A 42-year-old woman was admitted to the neurology department with a clinical suspicion of a demyelinating disease due to paroxysmal tremor of her lower right limb and persistent mild gait instability over the past 15 days. Τhe episodes οf tremor of her lower right limb lasted about 5-15 seconds, occurred many times per day and did not depend on any specific position. She also complained of episodes of bilateral non-pulsing pressure-like headache in the frontal, parietal, and occipital region, with a frequency of about one or two times per week and short duration (from minutes to 3-4 hours), without nausea or vomiting over the past 10 years. Characteristically, the intensity of her headache episodes was at least partially dependent on her head and body position, since they worsened in the supine position and mildly improved when lying on her left or particularly right side. She also mentioned occasional episodes of vertigo with nausea, worsened by head movement over the past 4 years. Despite the history of recurrent headaches and vertigo, she never had neuroimaging before. There was no trauma history, complaint of visual impairment or episodes of loss of consciousness and the patient was otherwise in good health. Her past medical and family history was unremarkable. Upon arrival, her vital signs, mental status and general physical examination were normal. On neurological examination, pupils were round and reactive to light, there were no peripheral vision deficits and the examination of cranial nerves II-XII was also normal. Her gait was shuffling and mildly wide-based, deep tendon reflexes were more brisk in her right extremities, muscle strength of upper and lower limbs was 5/5 at MRC scale, and there was bilateral non-sustained ankle clonus with flexion plantar reflexes. An intermittent tremor of her right lower limb was observed, occurring in the supine and sitting, but not in the prone position. No sensation deficits, cerebellar or other extrapyramidal signs were identified. Electroencephalogram (EEG) did not show any clinically significant findings.

Magnetic Resonance Imaging (MRI) of the brain demonstrated a 1.5x1.2x1.1 cm round cystic lesion of the third ventricle, at the foramen of Monro, accompanied by obstructive hydrocephalus with enlargement of both lateral ventricles (Left>Right), whereas 3rd and 4th ventricles appeared normal. There was also high-intensity signal on T2-weighted images in the periventricular white matter, which is a sign of periventricular interstitial edema, secondary to transependymal resorption of cerebrospinal fluid (CSF).

The central and lower parts of the lesion had low signal intensity both on T1 and T2 sequences. The upper half and the periphery of the mass were hypointense on T1 and hyperintense on T2 images, without signal drop on fluid attenuated inversion recovery (FLAIR) images. Thin rim of peripheral enhancement post contrast medium administration was attributed to stretched septal veins, thus there was no enhancement of the lesion itself. No diffusion restriction was revealed on Diffusion-Weighted Imaging (DWI). Neither microbleeds nor calcifications were noticed on Susceptibility Weighted Imaging (SWI). Dynamic susceptibility contrast-enhanced perfusion imaging (DSC –PWI) revealed low values of relative Cerebral Blood Volume (rCBV) and relative Cerebral Blood Flow (rCBF). These findings were highly indicative of a colloid cyst of the third ventricle, resulting in obstructive hydrocephalus (Figs. 1A-1G). An incidental finding, a developmental venous anomaly in the left frontal lobe, extending from the left lateral ventricle to the left middle cerebral gyrus, was considered to be not clinically significant.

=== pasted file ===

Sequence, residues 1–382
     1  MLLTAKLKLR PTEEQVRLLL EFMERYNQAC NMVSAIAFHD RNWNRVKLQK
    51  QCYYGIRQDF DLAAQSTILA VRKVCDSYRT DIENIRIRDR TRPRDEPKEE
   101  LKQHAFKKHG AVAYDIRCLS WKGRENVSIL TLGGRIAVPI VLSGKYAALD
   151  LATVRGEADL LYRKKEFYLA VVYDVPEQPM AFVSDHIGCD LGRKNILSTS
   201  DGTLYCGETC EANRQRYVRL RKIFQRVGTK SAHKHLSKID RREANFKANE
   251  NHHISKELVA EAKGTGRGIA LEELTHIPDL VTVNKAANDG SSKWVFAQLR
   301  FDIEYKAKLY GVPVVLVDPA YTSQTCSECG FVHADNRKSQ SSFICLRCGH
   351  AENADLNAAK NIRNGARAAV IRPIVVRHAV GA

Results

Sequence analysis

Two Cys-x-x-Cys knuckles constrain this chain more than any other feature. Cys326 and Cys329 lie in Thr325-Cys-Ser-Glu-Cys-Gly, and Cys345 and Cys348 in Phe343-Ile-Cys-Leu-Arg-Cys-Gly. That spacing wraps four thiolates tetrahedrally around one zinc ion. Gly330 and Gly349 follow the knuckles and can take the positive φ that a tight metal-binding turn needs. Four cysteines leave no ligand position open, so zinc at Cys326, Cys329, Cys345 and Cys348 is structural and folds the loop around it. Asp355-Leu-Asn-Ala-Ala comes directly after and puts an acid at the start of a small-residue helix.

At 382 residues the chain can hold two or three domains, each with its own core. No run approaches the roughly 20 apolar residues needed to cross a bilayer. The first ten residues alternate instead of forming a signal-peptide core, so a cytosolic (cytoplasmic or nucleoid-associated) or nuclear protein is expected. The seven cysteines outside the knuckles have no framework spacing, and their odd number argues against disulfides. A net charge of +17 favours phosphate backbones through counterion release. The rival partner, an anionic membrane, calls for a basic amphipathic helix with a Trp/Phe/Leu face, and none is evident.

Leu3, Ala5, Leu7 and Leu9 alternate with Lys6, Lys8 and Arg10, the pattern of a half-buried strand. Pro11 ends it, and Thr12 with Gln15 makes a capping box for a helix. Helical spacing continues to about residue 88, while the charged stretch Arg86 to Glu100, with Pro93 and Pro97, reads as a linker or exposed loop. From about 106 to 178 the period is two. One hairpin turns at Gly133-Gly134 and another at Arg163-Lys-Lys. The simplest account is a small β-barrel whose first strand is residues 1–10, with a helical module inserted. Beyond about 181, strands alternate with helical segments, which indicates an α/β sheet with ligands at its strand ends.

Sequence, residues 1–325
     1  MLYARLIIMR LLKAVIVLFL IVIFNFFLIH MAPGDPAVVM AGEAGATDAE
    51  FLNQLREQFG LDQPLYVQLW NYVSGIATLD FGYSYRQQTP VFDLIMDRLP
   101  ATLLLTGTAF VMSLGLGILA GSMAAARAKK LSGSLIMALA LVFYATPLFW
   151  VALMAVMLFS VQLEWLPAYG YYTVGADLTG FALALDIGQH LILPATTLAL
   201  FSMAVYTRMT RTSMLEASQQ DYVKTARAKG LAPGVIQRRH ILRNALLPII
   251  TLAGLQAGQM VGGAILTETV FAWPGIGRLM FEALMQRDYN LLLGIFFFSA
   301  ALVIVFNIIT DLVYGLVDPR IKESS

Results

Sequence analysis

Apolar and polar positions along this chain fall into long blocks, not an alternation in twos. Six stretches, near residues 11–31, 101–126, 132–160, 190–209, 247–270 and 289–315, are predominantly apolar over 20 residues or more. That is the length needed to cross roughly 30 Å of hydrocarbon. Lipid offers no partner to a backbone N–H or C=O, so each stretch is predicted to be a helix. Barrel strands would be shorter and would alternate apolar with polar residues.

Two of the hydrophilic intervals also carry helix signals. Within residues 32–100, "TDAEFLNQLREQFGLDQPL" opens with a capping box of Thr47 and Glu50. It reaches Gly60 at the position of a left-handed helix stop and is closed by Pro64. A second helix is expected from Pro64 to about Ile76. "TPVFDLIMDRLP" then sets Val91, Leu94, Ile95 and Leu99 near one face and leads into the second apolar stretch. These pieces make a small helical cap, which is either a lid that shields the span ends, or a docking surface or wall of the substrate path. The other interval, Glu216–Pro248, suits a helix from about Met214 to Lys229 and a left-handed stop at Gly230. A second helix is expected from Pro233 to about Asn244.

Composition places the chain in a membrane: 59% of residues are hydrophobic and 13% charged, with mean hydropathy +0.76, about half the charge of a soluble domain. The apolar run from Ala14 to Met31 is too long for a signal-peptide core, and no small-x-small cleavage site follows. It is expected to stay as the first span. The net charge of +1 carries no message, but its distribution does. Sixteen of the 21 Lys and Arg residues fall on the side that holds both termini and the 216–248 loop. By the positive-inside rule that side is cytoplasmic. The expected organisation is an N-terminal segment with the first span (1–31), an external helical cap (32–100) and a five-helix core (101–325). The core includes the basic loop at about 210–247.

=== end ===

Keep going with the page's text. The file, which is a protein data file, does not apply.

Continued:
The patient was admitted to the neurosurgical department and underwent surgical resection of the mass without any peri- or post-operative complications. Histological examination of the lesion was consistent with a colloid cyst. The tremor of her right lower limb and gait instability resolved after surgery. At one-year follow-up, brain MRI demonstrated normal appearance of the lateral ventricles. No transependymal edema was observed (Fig. 1H).


Herein, we presented a case of a 42-year-old woman complaining of paroxysmal tremor of her right lower limb and mild gait instability, attributed to the colloid cyst of the third ventricle based on detailed neuroimaging testing, which was further confirmed histologically, whereas relevant images were not available for demonstration. In the following sections, we provide a brief review of the literature in regard to epidemiology, clinical presentation focusing on tremor, neuroimaging characteristics, treatment and prognostic factors of this rare but potentially fatal condition.

3.1. Epidemiology